Semira looked behind her as if she felt someone was watching her. A diary was personal wasn’t it? Private?
But surely if it had been written over a hundred years ago, the writer of the diary would be dead by now.
It wouldn’t matter if she read some of it.
Semira is a young refugee who, along with her mother, has lived in England for several years. However, they are still trapped – beholden to a man named Robel, who helped them escape Eritrea and who is handling the asylum paperwork for them, but who abuses them and keeps them isolated.
Semira is used to feeling alone. They are often moved around, so she avoids getting attached to anyone. When she finds a diary written by a young Victorian girl named Hen, she feels for the first time as if she has found a friend. Hen is also trapped; by her family and by the strict societal and gender constructs of the time, but she becomes inspired to fight against them. Perhaps she can inspire Semira to fight too…
I want to start by saying that The Closest Thing to Flying is one of the most compelling books I’ve ever read. I read it all in one sitting – well, technically two as I needed to pee and decided to take the opportunity to make myself a cup of tea and some lunch as well. I didn’t have my next cuppa until I had not only turned the last page, but also taken a few minutes to just sit uninterrupted with my thoughts. Then, while my tea brewed and before doing anything else, I sat down and typed this paragraph that you’ve just read.
(Yes, that does mean that this review was written out of order.)
It didn’t take long for me to connect with the characters – by page 7, I was already feeling protective of Semira, and angry on her behalf. She has been through so much before the book even starts, and continues to do so, but she is strong and determined. With every action she took, I feared for her, but I also couldn’t help but want her to keep going, despite the danger. Piecing together her background before she did didn’t make it any less moving or heartbreaking.
Her mother Hanna, is completely under Robel’s control – not speaking any English means she doesn’t know any other way, and relies on him to keep them “safe”. Despite never experiencing what she has, I found her very easy to relate to; perhaps also being an adult, I can appreciate that things aren’t as simple as a child may see them. She is doing everything she feels she can to protect her daughter; standing up against Robel would mean putting them both in danger and, without knowing it would work out, is too great a risk.
Hen, the girl who wrote the diary, is an interesting character. It seems odd to be reading a story where one of our protagonists (and yes, I do feel like she is one) is already long gone. Her voice comes across as so warm, and so genuine that you cannot help but be immediately charmed by her. Given her own circumstances, the decisions she makes and the lessons she learns, it’s no surprise that she appeals to Semira.
The other characters all feel real and fleshed out. It was nice to see a friendship between a girl and a boy that doesn’t carry romantic overtones, and it was a pleasant change to see the two outgoing girls tasked with looking after Semira at school actually being friendly and supportive, rather than falling into the “bitchy-popular” stereotype.
It doesn’t end with the children either; Patrick’s parents feel so authentic that I wouldn’t be surprised if they were based upon real people. As for Robel and Hen’s mother, well…the less said about them, the better. But again, they feel like genuine people, even if this is less of a good thing.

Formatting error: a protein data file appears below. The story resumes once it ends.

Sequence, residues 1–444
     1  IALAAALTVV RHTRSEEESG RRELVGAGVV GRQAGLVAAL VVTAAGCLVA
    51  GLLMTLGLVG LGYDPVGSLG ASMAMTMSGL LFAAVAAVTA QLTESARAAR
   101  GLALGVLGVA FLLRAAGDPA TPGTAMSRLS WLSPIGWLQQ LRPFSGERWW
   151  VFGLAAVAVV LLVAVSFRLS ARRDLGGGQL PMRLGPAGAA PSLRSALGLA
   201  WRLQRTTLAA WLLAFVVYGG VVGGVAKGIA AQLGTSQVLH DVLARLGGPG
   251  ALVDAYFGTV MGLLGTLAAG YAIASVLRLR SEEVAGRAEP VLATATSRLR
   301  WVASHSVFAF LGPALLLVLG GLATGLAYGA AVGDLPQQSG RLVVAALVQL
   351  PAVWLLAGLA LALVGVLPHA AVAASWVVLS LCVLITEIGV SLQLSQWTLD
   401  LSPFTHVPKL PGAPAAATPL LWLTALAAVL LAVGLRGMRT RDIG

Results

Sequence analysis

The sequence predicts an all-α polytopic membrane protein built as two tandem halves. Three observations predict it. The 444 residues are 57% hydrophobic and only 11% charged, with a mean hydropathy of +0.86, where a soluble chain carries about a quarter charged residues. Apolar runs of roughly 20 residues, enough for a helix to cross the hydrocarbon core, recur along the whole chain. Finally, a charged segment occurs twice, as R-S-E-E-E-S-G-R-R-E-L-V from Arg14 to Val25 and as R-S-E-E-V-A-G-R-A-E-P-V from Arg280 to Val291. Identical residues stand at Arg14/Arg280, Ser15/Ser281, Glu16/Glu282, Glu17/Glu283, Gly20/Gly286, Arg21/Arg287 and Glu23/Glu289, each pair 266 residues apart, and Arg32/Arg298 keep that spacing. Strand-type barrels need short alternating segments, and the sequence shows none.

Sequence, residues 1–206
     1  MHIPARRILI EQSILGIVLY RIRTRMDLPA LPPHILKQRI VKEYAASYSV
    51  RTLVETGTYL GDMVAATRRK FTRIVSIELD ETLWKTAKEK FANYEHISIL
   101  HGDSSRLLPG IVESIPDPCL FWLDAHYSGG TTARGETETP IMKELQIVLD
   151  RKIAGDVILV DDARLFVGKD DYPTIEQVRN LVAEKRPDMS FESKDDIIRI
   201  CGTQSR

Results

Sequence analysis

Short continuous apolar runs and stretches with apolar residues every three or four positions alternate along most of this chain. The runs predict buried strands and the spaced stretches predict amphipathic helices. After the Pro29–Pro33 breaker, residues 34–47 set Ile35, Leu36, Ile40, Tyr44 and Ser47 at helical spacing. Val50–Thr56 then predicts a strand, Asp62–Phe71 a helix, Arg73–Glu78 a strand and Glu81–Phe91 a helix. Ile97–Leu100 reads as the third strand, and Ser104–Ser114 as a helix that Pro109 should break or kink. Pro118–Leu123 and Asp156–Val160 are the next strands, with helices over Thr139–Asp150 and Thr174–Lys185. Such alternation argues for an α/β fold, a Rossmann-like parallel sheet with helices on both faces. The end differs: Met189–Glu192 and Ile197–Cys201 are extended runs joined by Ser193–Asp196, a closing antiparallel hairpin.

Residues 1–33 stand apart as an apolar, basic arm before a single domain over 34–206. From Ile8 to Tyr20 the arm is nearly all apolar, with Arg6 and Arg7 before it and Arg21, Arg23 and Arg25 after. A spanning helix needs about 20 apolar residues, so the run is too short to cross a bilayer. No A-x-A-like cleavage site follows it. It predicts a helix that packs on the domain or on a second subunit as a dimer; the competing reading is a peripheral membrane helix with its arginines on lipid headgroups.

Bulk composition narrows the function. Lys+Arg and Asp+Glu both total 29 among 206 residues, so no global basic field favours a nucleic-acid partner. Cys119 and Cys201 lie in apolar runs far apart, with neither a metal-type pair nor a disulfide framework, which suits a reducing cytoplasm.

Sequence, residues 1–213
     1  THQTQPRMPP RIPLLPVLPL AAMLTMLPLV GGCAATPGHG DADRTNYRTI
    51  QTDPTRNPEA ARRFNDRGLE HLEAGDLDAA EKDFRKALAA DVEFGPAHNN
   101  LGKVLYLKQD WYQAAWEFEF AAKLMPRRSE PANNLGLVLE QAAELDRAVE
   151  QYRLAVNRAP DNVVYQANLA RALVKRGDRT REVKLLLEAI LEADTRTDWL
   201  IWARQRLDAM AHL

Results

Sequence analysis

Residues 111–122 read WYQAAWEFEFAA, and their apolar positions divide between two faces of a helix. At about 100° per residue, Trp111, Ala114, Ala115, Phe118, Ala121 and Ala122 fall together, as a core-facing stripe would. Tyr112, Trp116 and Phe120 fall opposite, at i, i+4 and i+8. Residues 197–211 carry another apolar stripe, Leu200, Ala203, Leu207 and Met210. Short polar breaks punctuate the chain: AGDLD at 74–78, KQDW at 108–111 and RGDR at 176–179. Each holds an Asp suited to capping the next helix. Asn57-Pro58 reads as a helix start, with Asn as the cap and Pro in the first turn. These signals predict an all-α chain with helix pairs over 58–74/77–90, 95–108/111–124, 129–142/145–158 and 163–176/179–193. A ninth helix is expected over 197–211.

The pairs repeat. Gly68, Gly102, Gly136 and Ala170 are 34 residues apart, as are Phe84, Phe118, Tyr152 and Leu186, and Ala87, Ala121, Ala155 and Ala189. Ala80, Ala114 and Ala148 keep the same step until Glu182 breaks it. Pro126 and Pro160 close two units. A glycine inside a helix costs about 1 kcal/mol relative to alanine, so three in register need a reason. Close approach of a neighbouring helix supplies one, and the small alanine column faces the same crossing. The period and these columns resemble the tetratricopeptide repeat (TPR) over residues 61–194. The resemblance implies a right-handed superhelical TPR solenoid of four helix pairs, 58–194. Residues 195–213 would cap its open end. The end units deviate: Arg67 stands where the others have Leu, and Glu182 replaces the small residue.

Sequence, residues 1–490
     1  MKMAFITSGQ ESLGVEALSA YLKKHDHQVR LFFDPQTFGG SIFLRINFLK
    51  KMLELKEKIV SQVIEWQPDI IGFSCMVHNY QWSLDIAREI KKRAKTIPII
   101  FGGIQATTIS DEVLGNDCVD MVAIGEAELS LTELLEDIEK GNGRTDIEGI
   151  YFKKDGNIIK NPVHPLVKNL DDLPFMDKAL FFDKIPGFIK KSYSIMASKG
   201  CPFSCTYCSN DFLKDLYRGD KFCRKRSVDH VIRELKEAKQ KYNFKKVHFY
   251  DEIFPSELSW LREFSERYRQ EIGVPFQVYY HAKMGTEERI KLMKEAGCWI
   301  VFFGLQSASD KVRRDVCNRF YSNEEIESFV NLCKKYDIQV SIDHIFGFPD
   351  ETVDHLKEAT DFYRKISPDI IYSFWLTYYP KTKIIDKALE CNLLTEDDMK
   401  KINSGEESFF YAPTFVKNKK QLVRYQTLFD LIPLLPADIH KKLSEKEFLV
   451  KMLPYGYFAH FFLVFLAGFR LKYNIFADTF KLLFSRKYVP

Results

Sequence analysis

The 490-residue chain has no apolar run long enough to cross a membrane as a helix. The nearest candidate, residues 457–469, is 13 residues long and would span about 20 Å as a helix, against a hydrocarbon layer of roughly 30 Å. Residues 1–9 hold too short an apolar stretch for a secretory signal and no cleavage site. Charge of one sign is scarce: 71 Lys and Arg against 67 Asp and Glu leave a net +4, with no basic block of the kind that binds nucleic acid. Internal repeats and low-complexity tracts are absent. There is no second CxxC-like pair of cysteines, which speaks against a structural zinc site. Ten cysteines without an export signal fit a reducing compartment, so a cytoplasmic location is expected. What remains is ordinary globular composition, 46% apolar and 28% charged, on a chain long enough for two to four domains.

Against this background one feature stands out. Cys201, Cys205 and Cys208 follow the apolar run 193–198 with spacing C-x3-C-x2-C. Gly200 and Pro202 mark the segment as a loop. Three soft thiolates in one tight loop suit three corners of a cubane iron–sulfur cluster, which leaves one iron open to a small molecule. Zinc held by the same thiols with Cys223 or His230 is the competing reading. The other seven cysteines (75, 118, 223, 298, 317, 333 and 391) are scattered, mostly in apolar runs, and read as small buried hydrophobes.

Even more than that, Hen’s story is actually set against the backdrop of real events – the founding of the Royal Society for the Protection of Birds. It features the real women who started it, with a sprinkling of fictional characters for us to connect with, like the compelling figure of Hen’s young aunt Kitty, who is not only an advocate for women’s rights but also a powerfully positive influence on Hen.
The story itself is truly compelling, even in the slower parts. It also feels familiar; like the background to so many stories we see everyday on the news about asylum seekers and refugees. It is by turns frustrating, joyful, terrifying and above all touching. I’m not too proud to admit that there were several points where I had to pause in order to blink back tears.
Having the stories of Semira and Hen run side-by-side, though a hundred years apart, is an excellent approach as it easily shows us not only the similarities and differences between the two girls, but also the societies they live in. The gender issues shown in Hen’s world are like a mirror to the “native vs foreigner” issues in Semira’s world. And by showing us that there were women in Hen’s time who didn’t feel that women should be able to vote, it reminds us not only of how far we have come (the idea would be unthinkable to most now!), but also of how far we still have to go.
I want to finish up with a shout out to the incredible talented Paola Escobar for her incredible front cover, which gives a real sense of the beauty of the story and hints at the symmetry between the two girls’ lives. Adding to this is the inclusion of the maps (which I have to confess I’m a bit of a sucker for!) on the inside – the maps are actually of a part of Africa as it looked/looks in both time periods, rather than London where it is based, but it all makes sense in context.
I feel like I’ve written rather a lot while also saying somewhat little; I’m trying to balance my enthusiasm and opinion with my desire not to give away too many of the story beats, and ultimately I don’t know if this review really does the book justice. I honestly feel that this is something that everyone should experience for themselves, and I encourage those who have read it to share it with others, of any age. Everyone could benefit from reading this beautiful, tragic and hopeful story.